Amazon’s Prime Video will limit streaming speeds in Europe in an effort to protect broadband networks from being overloaded amid the coronavirus pandemic.
The decision, made as millions of people across the continent find themselves isolated at home because of the coronavirus, was confirmed by an Amazon spokesperson.
“Prime Video is working with local authorities and internet service providers where needed to help mitigate any network congestion, including in Europe, where we’ve already begun the effort to reduce streaming bitrates while maintaining a quality streaming experience for our customers,” Amazon said in the statement.
Amazon’s announcement comes just days after European Union Internal Market Commissioner Thierry Breton asked streaming services “to ensure the smooth functioning of the internet during the battle against the virus propagation.”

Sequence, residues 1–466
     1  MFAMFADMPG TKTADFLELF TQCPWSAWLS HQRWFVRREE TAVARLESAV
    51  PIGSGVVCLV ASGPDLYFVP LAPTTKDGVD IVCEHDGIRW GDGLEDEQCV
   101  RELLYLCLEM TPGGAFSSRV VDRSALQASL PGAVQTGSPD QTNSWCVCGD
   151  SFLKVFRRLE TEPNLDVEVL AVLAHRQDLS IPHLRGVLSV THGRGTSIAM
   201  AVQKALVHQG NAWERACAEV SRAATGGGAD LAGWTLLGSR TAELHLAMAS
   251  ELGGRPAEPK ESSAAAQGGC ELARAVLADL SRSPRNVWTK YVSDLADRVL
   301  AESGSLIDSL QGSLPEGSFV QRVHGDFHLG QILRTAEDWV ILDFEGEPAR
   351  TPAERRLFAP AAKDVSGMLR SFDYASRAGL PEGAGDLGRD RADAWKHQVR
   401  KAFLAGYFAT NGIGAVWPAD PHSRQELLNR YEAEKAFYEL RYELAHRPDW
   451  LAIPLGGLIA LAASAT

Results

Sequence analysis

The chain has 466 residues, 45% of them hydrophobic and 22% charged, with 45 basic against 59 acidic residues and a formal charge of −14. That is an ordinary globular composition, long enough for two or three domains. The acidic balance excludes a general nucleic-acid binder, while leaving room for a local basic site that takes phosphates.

Breton had specifically cited Netflix, which agreed to cut back its speeds by 25 percent across Europe for 30 days.
YouTube, the largest free video streaming platform on the internet, likewise opted to reduce the bitrate of its videos to keep Europe’s internet afloat.
“We are making a commitment to temporarily switch all traffic in the EU to standard definition by default,” YouTube said.
Breton, the EU commissioner, thanked Google, which owns YouTube, in a statement following its decision.
“Millions of Europeans are adapting to social distancing measures thanks to digital platforms, helping them to telework, e-learn and entertain themselves,” Breton said. “I warmly welcome the initiative that Google has taken to preserve the smooth functioning of the internet during the Covid-19 crisis by having YouTube switch all EU traffic to standard definition by default.”
H/T The Guardian
Last updated Mar 20, 2020, 8:39 pm
Mikael Thalen is a tech and security reporter based in Seattle, covering social media, data breaches, hackers, and more.